1. 1. Debt to assets ratio: total debt / total assets.
Solvency Ratio: Definition, Formula, & Examples - Debt to Assets Ratio
1. 2. Debt to equity ratio: total debt / total shareholder equity.
Solvency Ratio: Definition, Formula, & Examples - Debt to Equity Ratio
1. 3. Interest coverage ratio: EBIT / interest expense.
Solvency Ratio: Definition, Formula, & Examples - Interest Coverage Ratio
1. 4. That’s it. You have the results for all three ratios.
Solvency Ratio: Definition, Formula, & Examples - Solvency Ratio Results

## Solvency Ratio Interpretation

When interpreting the values for solvency ratios, it’s important to consider the context. You need to get industry benchmarks, as accounting practices vary between industries, and there are different expectations regarding acceptable amounts of debt. You also need to compare with companies that are similar to yours in terms of size and scope.

There are multiple ratios used to assess solvency, each with its own range of acceptable values. Additionally, remember that this range can vary depending on the industry and the size of the company. In the following section, you have generally accepted guidelines for the three solvency ratios mentioned in the previous section.

#### Leverage Ratio: Definition And How To Calculate

A leverage ratio provides you with information on how much a company depends on borrowed capital. Here’s what leverage ratios are and how to calculate them.

### What is a Good Solvency Ratio?

Regarding the debt-to-assets ratio, the higher the value, the more leverage the company is using, which also means more risk for investors. Lower debt-to-assets ratios indicate more financial stability.

The debt-to-equity ratio compares the amount of outstanding debt to the amount of equity built up. The higher the ratio, the more the company is funded by debt. This is usually worrying to investors since it indicates the company may not be able to generate enough cash to pay off the interest on the debt. The next ratio is helpful in determining this.

The interest coverage ratio expresses a company’s ability to pay off the interest on outstanding debt. Therefore, higher values are usually better, as they show the company’s ability to pay off interest with plenty left over. Low values could indicate a higher likelihood that the company may be unable to cover loan payments.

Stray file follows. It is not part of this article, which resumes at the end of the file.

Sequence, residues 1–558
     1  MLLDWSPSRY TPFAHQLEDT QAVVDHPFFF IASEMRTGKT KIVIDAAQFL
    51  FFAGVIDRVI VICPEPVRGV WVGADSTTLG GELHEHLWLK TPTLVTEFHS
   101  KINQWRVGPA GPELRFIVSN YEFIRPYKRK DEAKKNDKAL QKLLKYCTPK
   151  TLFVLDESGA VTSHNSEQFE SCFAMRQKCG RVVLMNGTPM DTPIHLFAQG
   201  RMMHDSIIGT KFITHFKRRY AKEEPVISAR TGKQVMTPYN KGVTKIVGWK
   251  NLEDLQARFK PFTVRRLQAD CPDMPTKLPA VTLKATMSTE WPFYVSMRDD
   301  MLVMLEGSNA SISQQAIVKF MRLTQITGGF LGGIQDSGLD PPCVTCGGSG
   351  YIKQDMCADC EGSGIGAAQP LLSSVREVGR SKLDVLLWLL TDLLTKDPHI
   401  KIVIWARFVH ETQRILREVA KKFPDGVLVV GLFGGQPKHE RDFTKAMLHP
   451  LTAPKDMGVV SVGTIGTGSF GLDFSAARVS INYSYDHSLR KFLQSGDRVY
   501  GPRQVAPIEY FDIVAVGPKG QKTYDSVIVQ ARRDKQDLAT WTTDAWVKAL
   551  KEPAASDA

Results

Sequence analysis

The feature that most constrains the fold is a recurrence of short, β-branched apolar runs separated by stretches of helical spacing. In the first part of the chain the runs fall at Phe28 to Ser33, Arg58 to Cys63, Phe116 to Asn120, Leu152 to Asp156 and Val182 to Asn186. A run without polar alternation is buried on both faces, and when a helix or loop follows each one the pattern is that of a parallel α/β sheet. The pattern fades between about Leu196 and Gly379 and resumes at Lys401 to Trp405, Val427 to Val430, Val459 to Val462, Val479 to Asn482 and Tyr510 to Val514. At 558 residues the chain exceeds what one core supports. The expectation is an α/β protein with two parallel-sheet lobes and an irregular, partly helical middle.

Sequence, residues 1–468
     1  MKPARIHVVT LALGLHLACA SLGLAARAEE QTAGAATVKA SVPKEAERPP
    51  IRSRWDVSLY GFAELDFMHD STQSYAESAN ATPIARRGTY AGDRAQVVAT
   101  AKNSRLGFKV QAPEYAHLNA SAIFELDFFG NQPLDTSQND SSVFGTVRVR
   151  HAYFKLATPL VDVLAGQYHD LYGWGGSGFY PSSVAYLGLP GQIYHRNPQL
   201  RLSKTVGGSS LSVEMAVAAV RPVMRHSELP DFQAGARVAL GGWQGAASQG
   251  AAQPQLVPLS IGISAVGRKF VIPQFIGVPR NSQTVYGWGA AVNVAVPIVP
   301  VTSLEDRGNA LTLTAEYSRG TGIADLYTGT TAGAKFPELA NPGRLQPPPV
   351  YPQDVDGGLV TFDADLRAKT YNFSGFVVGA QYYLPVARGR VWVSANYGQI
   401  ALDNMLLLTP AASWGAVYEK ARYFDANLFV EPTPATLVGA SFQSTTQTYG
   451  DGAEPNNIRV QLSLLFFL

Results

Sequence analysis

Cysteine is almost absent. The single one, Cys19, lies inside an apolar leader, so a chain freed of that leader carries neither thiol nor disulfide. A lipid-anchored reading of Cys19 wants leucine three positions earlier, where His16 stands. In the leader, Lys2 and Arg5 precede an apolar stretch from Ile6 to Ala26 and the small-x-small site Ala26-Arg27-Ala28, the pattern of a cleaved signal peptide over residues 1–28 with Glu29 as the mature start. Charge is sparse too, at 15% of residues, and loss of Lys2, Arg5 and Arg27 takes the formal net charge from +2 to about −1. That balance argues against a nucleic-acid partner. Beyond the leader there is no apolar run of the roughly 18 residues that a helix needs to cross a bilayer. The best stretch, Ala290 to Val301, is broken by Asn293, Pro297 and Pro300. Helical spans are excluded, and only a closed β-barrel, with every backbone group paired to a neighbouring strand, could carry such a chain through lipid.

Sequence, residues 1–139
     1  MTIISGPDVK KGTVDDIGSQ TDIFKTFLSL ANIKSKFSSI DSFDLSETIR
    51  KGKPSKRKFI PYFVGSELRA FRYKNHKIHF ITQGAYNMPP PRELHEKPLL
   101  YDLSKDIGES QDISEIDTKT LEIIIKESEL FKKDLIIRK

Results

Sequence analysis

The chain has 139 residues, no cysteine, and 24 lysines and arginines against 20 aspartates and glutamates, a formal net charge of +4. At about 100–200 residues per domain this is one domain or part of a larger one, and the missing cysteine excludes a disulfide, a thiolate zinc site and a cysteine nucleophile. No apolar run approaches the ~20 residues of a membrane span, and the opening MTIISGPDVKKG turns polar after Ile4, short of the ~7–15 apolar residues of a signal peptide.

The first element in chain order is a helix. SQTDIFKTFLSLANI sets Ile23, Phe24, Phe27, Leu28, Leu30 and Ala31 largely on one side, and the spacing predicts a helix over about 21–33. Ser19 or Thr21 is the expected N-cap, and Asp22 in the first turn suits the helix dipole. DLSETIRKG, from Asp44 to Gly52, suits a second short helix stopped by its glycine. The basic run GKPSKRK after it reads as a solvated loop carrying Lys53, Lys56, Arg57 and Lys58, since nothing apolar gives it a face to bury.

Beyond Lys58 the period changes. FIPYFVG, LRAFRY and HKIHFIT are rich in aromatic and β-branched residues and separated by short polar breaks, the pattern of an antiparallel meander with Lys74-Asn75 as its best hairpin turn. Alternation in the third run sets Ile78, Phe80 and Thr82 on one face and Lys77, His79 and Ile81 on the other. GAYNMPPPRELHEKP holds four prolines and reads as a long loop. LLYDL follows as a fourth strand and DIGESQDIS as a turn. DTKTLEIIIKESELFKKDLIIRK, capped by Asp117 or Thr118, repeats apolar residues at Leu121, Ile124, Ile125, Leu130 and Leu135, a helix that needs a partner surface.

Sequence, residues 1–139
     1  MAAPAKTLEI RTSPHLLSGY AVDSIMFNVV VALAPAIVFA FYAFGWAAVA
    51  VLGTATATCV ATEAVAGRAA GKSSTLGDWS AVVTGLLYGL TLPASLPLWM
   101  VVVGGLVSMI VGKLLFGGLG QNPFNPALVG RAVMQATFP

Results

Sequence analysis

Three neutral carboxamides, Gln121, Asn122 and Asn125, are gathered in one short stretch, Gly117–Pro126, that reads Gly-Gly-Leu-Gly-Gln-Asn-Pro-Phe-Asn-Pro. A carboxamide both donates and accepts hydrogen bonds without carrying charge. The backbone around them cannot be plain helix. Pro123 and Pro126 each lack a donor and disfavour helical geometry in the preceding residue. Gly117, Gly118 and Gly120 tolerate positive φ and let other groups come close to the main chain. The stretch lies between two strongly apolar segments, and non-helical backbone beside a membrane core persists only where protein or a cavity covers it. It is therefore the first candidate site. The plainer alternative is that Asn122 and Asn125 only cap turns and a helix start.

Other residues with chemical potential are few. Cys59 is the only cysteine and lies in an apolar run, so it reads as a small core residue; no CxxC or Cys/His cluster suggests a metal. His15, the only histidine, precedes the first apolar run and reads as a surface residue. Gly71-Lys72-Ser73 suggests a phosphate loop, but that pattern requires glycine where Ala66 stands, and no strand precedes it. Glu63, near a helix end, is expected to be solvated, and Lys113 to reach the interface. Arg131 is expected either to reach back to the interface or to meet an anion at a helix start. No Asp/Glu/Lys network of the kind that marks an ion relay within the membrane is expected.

One advantage of solvency ratios is that they provide more than just a snapshot of the company’s finances. Unlike liquidity ratios, solvency ratios focus on the company’s long-term financial health. The terms liquidity and solvency are often confused but actually express different concepts. Liquidity refers to a company’s ability to raise cash when it needs to, while solvency refers to its ability to meet long-term obligations.

As with any indicators, it’s possible for values to be misleading, particularly if they are interpreted individually. For your solvency analysis to be useful, you’ll need to incorporate other metrics, like liquidity, leverage, and profitability ratios.

Additionally, it’s very important to obtain industry benchmarks and comparison values for businesses similar to yours. This takes time and effort, but you can automate repetitive tasks using tools like Google Sheets and Layer. Schedule flows to update calculations, set up templates for financial analysis and assign tasks, and automatically share results with others.

## Conclusion

As you have seen, solvency ratios can help you assess a business’ long-term financial health. Unlike liquidity ratios, which focus on turning assets into cash to pay off short-term debt, solvency ratios aim to represent the business’ ability to generate enough cash to pay off all of its liabilities, including interest due.

You now know about solvency ratios and the most frequently used ones. You also know how to calculate the most popularly used solvency ratios and how to interpret their values. To learn more about related financial ratios and analyses, take a look at these articles: